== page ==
Here are some particular features of sibling loss that you may relate to:
- The nature of the sibling relationship, which is for many people the longest relationship in life; siblings are “life witnesses” who know us as no one else can
- The feeling that with your sibling gone you have lost past, present, and future
- The challenge of supporting one’s parent(s) through the loss, especially when extreme parental grief constitutes an additional loss for the bereaved sibling
- New roles and responsibilities for surviving siblings as the family structure shifts
- Guilt from unresolved issues or challenging sibling relationships
- For adult siblings, regret over distance or lack of time spent
- The depth of sibling connection, regardless of proximity or emotional closeness, and often despite conflict
- The tendency for others to idealize the deceased sibling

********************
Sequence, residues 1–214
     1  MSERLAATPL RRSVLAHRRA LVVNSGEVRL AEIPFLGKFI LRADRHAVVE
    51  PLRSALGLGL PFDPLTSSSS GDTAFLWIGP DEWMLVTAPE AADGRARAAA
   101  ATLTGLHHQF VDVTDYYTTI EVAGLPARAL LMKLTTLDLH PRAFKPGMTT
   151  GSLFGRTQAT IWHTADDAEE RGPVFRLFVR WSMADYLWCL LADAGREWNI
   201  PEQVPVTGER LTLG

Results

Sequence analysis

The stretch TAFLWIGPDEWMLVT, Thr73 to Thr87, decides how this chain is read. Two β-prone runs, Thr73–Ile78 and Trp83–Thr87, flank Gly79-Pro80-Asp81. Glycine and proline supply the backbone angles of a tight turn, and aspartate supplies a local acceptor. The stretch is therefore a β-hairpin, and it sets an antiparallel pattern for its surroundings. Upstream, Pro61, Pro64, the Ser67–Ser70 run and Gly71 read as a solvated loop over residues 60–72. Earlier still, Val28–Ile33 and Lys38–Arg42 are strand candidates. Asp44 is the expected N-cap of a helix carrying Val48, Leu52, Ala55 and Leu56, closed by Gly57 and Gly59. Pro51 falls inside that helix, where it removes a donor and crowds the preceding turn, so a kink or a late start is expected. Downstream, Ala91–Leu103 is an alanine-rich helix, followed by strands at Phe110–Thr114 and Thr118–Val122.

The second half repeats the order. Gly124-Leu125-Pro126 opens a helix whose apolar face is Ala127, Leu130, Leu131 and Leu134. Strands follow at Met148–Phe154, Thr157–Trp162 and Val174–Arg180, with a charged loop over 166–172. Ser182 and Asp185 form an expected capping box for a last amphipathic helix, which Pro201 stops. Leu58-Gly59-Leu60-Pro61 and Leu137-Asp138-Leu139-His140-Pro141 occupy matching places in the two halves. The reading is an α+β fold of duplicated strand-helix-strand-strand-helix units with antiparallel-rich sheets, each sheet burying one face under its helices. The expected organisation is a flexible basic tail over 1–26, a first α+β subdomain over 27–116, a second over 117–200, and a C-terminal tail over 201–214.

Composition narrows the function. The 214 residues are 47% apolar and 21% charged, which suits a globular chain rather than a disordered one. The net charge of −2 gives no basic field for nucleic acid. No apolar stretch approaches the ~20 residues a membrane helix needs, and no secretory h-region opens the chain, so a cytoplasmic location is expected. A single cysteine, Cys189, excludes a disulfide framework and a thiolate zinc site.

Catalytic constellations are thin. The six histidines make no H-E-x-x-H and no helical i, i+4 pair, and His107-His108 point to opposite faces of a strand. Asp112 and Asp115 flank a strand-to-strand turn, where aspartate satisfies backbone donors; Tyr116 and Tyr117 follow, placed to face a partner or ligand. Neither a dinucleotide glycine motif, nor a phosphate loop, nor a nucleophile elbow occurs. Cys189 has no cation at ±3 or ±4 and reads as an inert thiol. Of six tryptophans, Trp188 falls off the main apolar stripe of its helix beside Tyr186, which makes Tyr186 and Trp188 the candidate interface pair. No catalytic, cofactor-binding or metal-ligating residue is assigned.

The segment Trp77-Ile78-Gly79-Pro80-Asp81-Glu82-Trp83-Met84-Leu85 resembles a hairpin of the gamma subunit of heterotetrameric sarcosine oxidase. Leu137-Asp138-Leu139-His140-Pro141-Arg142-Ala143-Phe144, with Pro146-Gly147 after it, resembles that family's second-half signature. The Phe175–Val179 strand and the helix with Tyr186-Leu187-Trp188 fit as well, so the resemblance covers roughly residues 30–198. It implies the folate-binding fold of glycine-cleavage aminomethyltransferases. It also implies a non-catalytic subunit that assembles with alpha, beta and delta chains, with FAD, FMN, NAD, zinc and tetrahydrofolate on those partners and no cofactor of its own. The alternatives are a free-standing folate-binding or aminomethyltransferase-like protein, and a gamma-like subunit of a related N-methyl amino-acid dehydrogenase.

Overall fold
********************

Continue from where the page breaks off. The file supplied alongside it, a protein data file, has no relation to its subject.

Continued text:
- Sense of a part of self missing, physically/emotionally and in terms of memory
Circumstances of sibling loss, and the accompanying needs, vary widely. An adult losing a sibling, for example, has different needs than a child who has lost a sibling. Someone whose sibling died by suicide experiences different circumstances than someone who lost a sibling to cancer. We can learn from one another, sometimes when we connect with someone whose circumstances resemble ours, other times when the loss of a sibling is the only thing we have in common.
BPUSA offers support for siblings:
- All existing chapters welcome bereaved siblings.
- A few chapters are exclusively for siblings, and we hope to have more. If you do not live near these chapters, we invite you to start a sibling-specific chapter of your own.
- Our Annual Gathering Conference features workshops focused on siblings as well as sibling-specific activities and a gathering spot.
- In our Resources, we have collected personal writings about sibling loss.